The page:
Social Sciences Spain , Salamanca, Thursday, May 02 of 2013, 12:35

CERN is not to produce black holes

Corinne Pralavorio, head of communication at CERN, takes part in the closing session of the Master in Social Studies on Science and Technology and the Postgraduate Certificate in Scientific Public Communication

JPA/DICYT The European Organization for Nuclear Research (CERN) in Geneva (Switzerland) is the largest laboratory in the world devoted to study particle physics, it is a research center with good stories to tell, but their spreading is very complex. Corinne Pralavorio is one of the persons in charge of bringing these stories to the public and on April 18th 2013 she went to Salamanca (Spain) to explain controversial situations that may benefit journalists and scientists in order to perform good scientific communication.

The first issue to understand CERN’s work grows in the organization’s name: it contains the word “nuclear”. This term “comes from the fact that fundamental particles of atoms are in the nucleus and, therefore, many of the particles we work with are nuclear particles, but our studies have nothing to do with nuclear energy or nuclear weapons”, as Corinne Pravalorio explained to the media.

Nevertheless, people often associate CERN’s activity with military research and they even think CERN’s work is secret; quite the opposite, it is scientific knowledge open to everyone. Fighting this perception and spreading facts are real aims of de Department of Communication that, on more than one occasion, has encountered difficulties during the last few years.

Corinne Pravalorio gave two examples in the closing session named Black Holes and Faster than Light Neutrinos. How to Turn Scientific Controversy into an Opportunity, of the Master in Social Studies on Science and Technology and the Postgraduate Certificate in Scientific Public Communication at the Universidad de Salamanca.

The first example was the controversy over the speculative theory that the Large Hadron Collider (LHC) at CERN facilities could produce black holes. Although this theory lacks scientific basis for various reasons, this extravagant approach triumphed in the media all around the world, but it was actually useful to announce the real experiments that, so far, have led to the discovery of the Higgs boson.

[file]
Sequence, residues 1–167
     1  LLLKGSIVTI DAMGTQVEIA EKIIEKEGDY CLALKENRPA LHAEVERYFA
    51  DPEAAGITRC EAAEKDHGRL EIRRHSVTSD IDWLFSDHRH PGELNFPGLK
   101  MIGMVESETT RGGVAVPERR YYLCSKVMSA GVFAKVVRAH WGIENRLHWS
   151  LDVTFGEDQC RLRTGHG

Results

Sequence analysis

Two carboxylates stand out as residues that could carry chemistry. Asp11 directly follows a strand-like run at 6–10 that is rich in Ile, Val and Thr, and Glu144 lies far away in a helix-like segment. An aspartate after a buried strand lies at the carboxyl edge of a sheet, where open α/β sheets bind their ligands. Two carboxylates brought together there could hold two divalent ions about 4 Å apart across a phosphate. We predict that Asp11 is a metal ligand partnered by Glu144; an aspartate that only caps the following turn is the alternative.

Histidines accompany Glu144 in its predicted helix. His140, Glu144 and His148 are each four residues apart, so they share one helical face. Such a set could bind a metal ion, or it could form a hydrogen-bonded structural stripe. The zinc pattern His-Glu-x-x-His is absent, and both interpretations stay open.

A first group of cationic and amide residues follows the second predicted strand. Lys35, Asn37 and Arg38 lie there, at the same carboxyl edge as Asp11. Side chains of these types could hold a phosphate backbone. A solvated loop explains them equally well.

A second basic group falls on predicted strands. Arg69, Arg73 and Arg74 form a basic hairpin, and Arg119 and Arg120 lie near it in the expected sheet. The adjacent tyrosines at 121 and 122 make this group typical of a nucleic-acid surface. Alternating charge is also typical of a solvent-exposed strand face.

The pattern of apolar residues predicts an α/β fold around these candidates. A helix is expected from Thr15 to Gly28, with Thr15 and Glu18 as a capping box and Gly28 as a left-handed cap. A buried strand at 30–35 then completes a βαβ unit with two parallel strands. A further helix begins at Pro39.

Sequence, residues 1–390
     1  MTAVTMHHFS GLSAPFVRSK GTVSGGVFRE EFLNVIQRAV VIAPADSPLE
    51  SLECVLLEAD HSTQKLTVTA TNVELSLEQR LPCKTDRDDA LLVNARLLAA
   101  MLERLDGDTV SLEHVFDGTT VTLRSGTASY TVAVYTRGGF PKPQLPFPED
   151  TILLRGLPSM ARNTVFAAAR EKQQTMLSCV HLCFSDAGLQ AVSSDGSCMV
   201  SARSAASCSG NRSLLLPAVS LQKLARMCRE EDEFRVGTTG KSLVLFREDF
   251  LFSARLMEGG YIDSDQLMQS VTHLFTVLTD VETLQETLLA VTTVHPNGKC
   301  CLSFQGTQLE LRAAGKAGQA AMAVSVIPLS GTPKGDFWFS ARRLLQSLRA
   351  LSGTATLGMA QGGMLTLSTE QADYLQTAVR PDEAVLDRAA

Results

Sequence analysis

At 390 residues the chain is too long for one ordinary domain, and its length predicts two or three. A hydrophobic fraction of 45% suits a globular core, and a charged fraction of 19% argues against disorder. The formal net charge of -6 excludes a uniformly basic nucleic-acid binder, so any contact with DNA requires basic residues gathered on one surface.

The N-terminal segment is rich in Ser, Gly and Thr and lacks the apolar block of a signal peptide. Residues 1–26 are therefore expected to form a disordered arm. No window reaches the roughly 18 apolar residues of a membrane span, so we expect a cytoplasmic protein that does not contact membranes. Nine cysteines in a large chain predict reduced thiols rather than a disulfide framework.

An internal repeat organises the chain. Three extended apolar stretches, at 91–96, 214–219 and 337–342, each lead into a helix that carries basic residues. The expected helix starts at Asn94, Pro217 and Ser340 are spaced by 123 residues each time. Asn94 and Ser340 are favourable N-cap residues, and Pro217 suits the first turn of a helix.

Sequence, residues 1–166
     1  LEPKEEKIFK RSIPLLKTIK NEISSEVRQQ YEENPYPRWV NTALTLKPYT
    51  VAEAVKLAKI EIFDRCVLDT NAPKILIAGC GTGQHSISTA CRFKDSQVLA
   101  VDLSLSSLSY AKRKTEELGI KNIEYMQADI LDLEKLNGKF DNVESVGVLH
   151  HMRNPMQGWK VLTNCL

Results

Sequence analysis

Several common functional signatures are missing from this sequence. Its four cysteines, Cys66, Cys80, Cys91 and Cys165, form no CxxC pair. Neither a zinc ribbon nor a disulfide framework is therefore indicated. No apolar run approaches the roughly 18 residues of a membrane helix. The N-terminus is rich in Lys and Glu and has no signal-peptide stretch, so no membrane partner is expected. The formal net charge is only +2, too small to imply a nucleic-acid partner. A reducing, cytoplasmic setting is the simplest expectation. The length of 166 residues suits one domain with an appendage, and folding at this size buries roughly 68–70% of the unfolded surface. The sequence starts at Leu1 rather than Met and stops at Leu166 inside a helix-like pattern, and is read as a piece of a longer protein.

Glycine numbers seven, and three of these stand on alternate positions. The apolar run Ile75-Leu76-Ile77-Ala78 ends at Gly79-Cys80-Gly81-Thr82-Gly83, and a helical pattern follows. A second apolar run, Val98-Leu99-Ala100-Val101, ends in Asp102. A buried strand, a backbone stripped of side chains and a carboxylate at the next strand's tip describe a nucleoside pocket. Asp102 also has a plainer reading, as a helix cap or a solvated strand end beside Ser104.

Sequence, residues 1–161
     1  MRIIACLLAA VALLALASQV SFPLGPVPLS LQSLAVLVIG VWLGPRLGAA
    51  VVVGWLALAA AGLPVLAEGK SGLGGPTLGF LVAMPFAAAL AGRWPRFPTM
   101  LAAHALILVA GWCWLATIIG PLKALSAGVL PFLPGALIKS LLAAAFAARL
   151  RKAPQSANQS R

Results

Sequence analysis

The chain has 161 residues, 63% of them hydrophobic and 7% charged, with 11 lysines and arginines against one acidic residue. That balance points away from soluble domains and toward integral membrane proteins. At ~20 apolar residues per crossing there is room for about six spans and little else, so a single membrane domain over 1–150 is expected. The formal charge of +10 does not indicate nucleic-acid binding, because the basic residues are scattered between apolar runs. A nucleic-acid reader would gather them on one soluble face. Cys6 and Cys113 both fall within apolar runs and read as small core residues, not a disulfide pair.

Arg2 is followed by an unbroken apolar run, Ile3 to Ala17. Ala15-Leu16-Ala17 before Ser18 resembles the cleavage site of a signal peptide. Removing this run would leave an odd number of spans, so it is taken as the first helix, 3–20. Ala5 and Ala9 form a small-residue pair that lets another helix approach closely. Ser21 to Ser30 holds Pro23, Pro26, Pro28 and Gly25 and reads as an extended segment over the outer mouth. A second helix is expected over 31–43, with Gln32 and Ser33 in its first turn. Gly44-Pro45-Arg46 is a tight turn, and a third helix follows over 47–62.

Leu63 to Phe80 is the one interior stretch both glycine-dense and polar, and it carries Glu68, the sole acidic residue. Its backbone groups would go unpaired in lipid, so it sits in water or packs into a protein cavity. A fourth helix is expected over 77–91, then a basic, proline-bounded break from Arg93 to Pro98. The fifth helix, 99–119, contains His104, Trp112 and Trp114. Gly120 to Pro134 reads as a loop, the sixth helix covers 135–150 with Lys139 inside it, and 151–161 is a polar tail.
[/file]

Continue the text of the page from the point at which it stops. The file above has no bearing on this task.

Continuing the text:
Super Fast Neutrinos

The second example of communication problems came from the very center: it was announced that some particles called neutrinos travelled faster than the speed of light, which is impossible according to Albert Einstein’s theories and foundations of current physics. Later, it was found a serious miscalculation was made while performing an experiment; but this event also set people talking.

These polemics can become a great opportunity for communication experts and they can even be a chance to rethink and to improve scientists’ work; as we were told by Pralavorio, Deputy Head of the Communication Group at CERN.

During her lecture, she also discussed general aspects that may give an idea on the large size and the scientific importance of CERN, which houses thousands of experts from all over de world. “Even if this is basic research, technologies developed at the center have allowed us to implement technological breakthroughs in fields directly linked to everyday life, such as medicine,” she states. Specifically, some technologies currently used in hospitals allow to better perform diagnoses through imaging.

Pralavorio said that CERN works with a significant budget for research, but not enough for communication. In any case, she believes that there are not major differences between scientific communication by a large center as hers and that by modest centers such as universities; but in Geneva there are “more resources and larger facilities to contact with”.

The audience was mainly made up of people interested in scientific communication since this activity was part of the Master in Social Studies on Science and Technology and the Postgraduate Certificate in Scientific Public Communication, organized by the Instituto de Ciencia y Tecnología (eCyT) at the Universidad de Salamanca and by the Fundación 3CIN, respectively.